Sara Keane’s husband, Damien, has uprooted them from England and moved them to his native Northern Ireland for a “fresh start” in the wake of her nervous breakdown. Sara, who knows no one in Northern Ireland, is jobless, carless, friendless—all but a prisoner in her own house. When a blood-soaked old woman beats on the door, insisting the house is hers before being bundled back to her care facility, Sara begins to understand the house has a terrible history her husband never intended for her to discover. As the two women form a bond over their shared traumas, Sara finds the strength to stand up to her abuser, and Mary—silent for six decades—is finally ready to tell her story . . .
Through the counterpoint voices—one modern Englishwoman, one Northern Irish farmgirl speaking from half a century earlier—Stuart Neville offers a chilling and gorgeous portrait of violence and resilience in this truly haunting narrative.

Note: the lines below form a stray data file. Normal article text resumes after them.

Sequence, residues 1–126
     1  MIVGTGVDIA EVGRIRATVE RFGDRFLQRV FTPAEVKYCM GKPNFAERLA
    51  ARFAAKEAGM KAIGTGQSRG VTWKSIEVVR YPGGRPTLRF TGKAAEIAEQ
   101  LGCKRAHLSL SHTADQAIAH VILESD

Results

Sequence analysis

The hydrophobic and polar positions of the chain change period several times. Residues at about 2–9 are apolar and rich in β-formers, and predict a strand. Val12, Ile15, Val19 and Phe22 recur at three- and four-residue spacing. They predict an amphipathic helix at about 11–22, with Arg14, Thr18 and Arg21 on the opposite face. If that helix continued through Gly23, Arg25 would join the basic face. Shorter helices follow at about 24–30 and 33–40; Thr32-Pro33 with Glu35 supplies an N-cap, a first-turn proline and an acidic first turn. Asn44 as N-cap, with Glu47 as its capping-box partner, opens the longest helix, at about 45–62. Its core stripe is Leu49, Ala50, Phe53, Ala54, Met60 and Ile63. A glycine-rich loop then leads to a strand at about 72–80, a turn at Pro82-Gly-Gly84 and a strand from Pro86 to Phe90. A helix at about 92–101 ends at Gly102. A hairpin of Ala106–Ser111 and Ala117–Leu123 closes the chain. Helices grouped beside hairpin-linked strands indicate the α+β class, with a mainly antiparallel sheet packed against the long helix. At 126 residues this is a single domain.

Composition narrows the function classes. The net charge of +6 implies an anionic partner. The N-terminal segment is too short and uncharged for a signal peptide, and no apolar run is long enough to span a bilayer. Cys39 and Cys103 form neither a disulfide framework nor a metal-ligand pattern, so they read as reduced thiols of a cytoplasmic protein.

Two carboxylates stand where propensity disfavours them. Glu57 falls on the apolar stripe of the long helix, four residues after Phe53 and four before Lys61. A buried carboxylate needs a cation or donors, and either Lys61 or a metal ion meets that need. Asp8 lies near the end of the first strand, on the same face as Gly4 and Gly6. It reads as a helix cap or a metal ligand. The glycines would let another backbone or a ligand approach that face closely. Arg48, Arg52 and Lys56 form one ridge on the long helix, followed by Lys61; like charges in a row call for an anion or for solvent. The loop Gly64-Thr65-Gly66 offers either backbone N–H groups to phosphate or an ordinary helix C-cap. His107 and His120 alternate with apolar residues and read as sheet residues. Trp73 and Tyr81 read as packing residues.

My thoughts: this book was shocking and harrowing. Between the terrible abuse Sara is suffering at the hands of her husband and the horrors of the farm sixty years before, it paints a bleak portrait of life.
The farmhouse exerts a terrible fascination for Sara, who sees its ghosts and finds it disturbing. She’s determined to find out what happened to Mary all those years ago and bring the past into the light. But to do that she has to stand up for herself and stop her awful husband from crushing her completely. He and his father have been getting away with things for too long and it’s only by breaking free that she, and Mary, can put the ghosts to rest.
*I was kindly gifted a copy of this book in exchange for taking part in the blog tour but all opinions remain my own.